Efficient classical simulation of cluster state quantum circuits with alternative inputs

Sahar Atallah1, Michael Garn1, Sania Jevtic2, Yukuan Tao3, and Shashank Virmani1

1Department of Mathematics, Brunel University London, Kingston Ln, Uxbridge, UB8 3PH, United Kingdom
2Phytoform Labs Ltd., Lawes Open Innovation Hub, West Common, Harpenden, Hertfordshire, England, AL5 2JQ, United Kingdom
3Department of Physics and Astronomy, Dartmouth College, Hanover, New Hampshire, 03755, USA

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Abstract

We provide new examples of pure entangled systems related to cluster state quantum computation that can be efficiently simulated classically. In cluster state quantum computation input qubits are initialised in the `equator' of the Bloch sphere, $CZ$ gates are applied, and finally the qubits are measured adaptively using $Z$ measurements or measurements of $\cos(\theta)X + \sin(\theta)Y$ operators. We consider what happens when the initialisation step is modified, and show that for lattices of finite degree $D$, there is a constant $\lambda \approx 2.06$ such that if the qubits are prepared in a state that is within $\lambda^{-D}$ in trace distance of a state that is diagonal in the computational basis, then the system can be efficiently simulated classically in the sense of sampling from the output distribution within a desired total variation distance. In the square lattice with $D=4$ for instance, $\lambda^{-D} \approx 0.056$. We develop a coarse grained version of the argument which increases the size of the classically efficient region. In the case of the square lattice of qubits, the size of the classically simulatable region increases in size to at least around $\approx 0.070$, and in fact probably increases to around $\approx 0.1$. The results generalise to a broader family of systems, including qudit systems where the interaction is diagonal in the computational basis and the measurements are either in the computational basis or unbiased to it. Potential readers who only want the short version can get much of the intuition from figures 1 to 3.

An important problem in study of complex quantum systems is the question of when and how quantum systems can be efficiently simulated using conventional classical computers. This question has broad implications. In quantum many-body physics for example, better classical simulation methods can lead to improved numerical simulations as well as new physical insights. Whereas in quantum computing an improved understanding of when quantum systems can or cannot be efficiently simulated classically helps us to elucidate how quantum algorithms can outperform classical ones.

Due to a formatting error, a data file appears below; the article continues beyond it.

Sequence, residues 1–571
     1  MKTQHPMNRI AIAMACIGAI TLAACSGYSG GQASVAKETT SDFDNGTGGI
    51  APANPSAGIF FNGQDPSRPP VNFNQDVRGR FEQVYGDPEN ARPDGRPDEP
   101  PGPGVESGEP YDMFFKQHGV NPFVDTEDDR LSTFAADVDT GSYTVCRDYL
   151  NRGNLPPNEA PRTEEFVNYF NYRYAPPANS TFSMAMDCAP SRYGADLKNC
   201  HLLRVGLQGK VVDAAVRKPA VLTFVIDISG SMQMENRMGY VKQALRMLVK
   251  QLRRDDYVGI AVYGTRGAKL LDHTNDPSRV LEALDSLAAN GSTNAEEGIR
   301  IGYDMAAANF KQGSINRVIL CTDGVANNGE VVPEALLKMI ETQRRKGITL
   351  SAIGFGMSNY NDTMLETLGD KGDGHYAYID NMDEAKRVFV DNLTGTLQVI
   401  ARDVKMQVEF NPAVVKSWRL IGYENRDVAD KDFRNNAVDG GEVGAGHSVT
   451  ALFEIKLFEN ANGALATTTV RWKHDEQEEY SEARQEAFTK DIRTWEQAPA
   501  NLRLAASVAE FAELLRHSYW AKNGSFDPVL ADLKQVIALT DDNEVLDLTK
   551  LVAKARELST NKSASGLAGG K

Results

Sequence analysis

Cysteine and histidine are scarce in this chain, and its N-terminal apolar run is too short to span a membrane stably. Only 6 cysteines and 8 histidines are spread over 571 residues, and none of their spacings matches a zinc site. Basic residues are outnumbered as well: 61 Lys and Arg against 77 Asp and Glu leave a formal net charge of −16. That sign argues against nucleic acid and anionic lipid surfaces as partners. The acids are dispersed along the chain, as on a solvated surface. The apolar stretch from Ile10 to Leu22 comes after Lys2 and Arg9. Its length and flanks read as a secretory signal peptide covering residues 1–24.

However, in spite of its central importance, any answers we have to this question are far from being complete.

In this work we make progress on this problem by providing a new way to classically simulate a family of pure entangled quantum systems. The family is non-trivial in that that every state within it is pure (i.e. isolated from any environment) and multi-party entangled. For one set of parameters the family contains ideal cluster state quantum computation. However, for other parameter regimes the simulation method is efficient. The fact that these systems can be efficiently simulated classically was previously unknown. Moreover, the method provides a type of local-hidden variable model for some measurements on otherwise pure entangled quantum systems.

The method has interesting connections to the foundations of physics. It works by describing the systems as non-entangled states in a kind of non-quantum theory. In this theory the constituent particles are not described by the usual qubit Bloch sphere, but a state space that is more akin to a cylinder. However, for some of the input states in the family this non-quantum theory breaks down, yielding negative probabilities. Where it does not break down is exactly where it provides an efficient classical simulation.

The method is amenable to a certain form of coarse graining, where particles are grouped into blocks and treated as individual particles. This increases significantly the set of states that can be efficiently simulated classically.

The method can also be generalised to a wider range of systems where particles are first interacted by finite depth commuting circuits and then measured in particular bases.

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Cited by

[1] Sahar Atallah, Michael Garn, Yukuan Tao, and Shashank Virmani, "Classically efficient regimes in measurement based quantum computation performed using diagonal two qubit gates and cluster measurements", arXiv:2307.01800, (2023).

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